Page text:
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Ovarian Cancer Awareness Month – know your body

07 March 2018

Ovarian cancer is the fourth most common form of cancer death in British women, after breast, lung and bowel cancer.

Each year in the UK there are approximately 7,400 cases of ovarian cancer. This is roughly 142 women each week.

Most cases of cancer of the ovary develop in women over the age of 50. The development of ovarian cancer is not fully understood but the most widely held view is that it results from repeated damage and repair of the surface of the ovary caused by ovulation, which occurs every month in most women who have not gone through the menopause. However, one in 10 ovarian cancers (10%) are caused by an inherited gene. Inherited genes that increase the risk of ovarian cancer include BRCA1 and BRCA2; these genes also increase the risk of breast cancer.

Ovarian Cancer Awareness Month is a great time to let women know that they can do positive things to improve their health and that early detection can make a massive difference to the success of treatment.

It is really important that women are aware of what is normal for them, so that they recognise any changes. If you know your body, then you can act early if something out-of-the-ordinary happens.

Symptoms to be aware of:

• Persistent stomach pain and bloating
• Increased abdominal size
• Difficulty eating or feeling full quickly
• Weight loss
• Passing urine more often
• Back pain
• Changes in your bowel habits (diarrhoea or constipation)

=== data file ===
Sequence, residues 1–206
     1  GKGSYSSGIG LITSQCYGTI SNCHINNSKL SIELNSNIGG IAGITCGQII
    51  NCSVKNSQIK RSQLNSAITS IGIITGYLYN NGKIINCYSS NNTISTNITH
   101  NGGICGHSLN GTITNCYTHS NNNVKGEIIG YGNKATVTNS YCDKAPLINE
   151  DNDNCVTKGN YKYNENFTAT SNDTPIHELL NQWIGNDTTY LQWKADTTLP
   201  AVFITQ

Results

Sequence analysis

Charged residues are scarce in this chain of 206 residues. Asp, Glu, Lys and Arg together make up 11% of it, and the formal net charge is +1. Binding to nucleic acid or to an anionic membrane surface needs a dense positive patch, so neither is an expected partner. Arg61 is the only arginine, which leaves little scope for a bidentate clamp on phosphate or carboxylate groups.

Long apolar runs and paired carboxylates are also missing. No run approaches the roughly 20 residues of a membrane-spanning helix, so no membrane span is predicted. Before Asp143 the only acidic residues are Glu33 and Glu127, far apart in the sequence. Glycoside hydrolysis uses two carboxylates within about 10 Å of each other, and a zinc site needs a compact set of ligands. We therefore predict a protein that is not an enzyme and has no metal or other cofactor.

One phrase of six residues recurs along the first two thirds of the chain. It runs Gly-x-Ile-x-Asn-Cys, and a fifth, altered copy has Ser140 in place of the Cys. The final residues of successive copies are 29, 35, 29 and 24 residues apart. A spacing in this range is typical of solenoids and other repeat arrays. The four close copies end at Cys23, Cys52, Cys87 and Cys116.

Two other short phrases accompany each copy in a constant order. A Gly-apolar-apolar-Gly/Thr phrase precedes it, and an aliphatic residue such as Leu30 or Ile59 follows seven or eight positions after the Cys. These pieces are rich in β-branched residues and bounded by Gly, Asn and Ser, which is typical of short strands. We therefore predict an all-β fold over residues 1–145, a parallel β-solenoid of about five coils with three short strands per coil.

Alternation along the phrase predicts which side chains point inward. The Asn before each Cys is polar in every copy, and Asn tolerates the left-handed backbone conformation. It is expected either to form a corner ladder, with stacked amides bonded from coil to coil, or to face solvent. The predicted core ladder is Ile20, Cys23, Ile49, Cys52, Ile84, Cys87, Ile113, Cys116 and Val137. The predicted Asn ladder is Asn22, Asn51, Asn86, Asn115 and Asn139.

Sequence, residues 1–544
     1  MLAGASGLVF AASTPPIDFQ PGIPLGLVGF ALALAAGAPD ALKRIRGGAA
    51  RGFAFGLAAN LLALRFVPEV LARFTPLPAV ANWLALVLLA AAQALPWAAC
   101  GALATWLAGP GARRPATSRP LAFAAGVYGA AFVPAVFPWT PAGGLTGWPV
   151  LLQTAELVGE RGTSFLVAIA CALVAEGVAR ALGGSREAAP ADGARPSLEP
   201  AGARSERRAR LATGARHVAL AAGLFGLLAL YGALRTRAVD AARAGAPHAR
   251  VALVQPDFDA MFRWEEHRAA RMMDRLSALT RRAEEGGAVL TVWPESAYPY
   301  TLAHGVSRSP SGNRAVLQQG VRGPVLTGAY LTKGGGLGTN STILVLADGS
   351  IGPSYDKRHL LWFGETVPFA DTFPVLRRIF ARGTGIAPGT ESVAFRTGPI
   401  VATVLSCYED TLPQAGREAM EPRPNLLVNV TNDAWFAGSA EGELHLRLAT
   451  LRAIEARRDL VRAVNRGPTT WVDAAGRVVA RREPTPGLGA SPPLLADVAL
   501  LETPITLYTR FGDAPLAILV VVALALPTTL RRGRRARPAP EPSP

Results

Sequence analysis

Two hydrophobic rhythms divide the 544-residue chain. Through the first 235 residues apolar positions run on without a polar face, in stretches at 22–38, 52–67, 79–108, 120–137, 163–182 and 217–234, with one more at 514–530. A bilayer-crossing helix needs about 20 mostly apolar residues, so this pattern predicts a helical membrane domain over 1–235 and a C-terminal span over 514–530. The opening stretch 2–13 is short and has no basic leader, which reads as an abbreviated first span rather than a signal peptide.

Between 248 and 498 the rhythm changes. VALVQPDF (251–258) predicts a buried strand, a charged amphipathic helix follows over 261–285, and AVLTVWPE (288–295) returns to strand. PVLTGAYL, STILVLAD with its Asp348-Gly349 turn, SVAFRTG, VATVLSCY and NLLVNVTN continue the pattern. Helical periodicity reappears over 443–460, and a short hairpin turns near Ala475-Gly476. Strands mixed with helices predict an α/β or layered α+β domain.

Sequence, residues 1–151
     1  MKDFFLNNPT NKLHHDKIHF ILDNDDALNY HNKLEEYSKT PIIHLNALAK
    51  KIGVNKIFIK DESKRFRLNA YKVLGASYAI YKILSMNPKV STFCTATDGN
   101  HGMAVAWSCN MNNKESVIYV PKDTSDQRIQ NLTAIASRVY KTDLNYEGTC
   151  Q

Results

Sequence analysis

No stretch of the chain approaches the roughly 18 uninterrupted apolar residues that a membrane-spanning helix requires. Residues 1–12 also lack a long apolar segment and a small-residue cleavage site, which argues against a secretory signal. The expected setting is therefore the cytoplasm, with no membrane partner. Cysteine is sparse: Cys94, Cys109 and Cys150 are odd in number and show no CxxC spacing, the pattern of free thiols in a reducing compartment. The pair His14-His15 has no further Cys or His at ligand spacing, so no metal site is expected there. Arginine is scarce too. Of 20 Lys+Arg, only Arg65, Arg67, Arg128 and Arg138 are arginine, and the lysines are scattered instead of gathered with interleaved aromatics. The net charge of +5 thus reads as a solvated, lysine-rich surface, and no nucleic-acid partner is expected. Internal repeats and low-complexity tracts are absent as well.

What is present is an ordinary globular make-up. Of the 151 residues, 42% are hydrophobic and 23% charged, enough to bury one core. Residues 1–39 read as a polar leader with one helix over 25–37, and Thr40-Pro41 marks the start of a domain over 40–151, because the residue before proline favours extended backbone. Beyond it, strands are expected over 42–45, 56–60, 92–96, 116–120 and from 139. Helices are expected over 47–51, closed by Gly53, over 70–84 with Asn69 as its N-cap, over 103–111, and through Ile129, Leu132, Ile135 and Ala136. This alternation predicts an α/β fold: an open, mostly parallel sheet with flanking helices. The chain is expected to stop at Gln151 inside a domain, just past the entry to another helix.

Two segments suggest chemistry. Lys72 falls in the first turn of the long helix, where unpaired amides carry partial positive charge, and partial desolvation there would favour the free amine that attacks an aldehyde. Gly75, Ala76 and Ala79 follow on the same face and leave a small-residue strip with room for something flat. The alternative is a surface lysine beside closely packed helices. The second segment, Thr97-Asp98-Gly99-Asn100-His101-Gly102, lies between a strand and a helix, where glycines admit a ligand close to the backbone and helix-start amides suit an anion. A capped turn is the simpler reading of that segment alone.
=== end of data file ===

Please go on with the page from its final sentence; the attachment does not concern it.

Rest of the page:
• Feeling tired all the time

These symptoms are quite common in many other conditions so it is far more likely that they will be due to other less serious problems. However, because ovarian cancers can develop without many symptoms, it is important to get any new symptoms checked out. Anyone who experiences the symptoms associated with ovarian cancer, or are worried that they may have the inherited gene, should visit their GP who can then refer them to a specialist if necessary.


Your GP will arrange a number of tests which will include:
• Physical examination
• CA125 blood test
• Pelvic ultrasound scan

If these tests show up any abnormal results your GP can refer you to a specialist for further investigations to find out the cause.

Mr Richard Slade is a Consultant Gynaecological Surgeon at HCA The Wilmslow Hospital and The Christie Private Care, and specialises in gynaecological cancers.

For more information or to book a consultation with Mr Richard Slade please call 01625 545 036.


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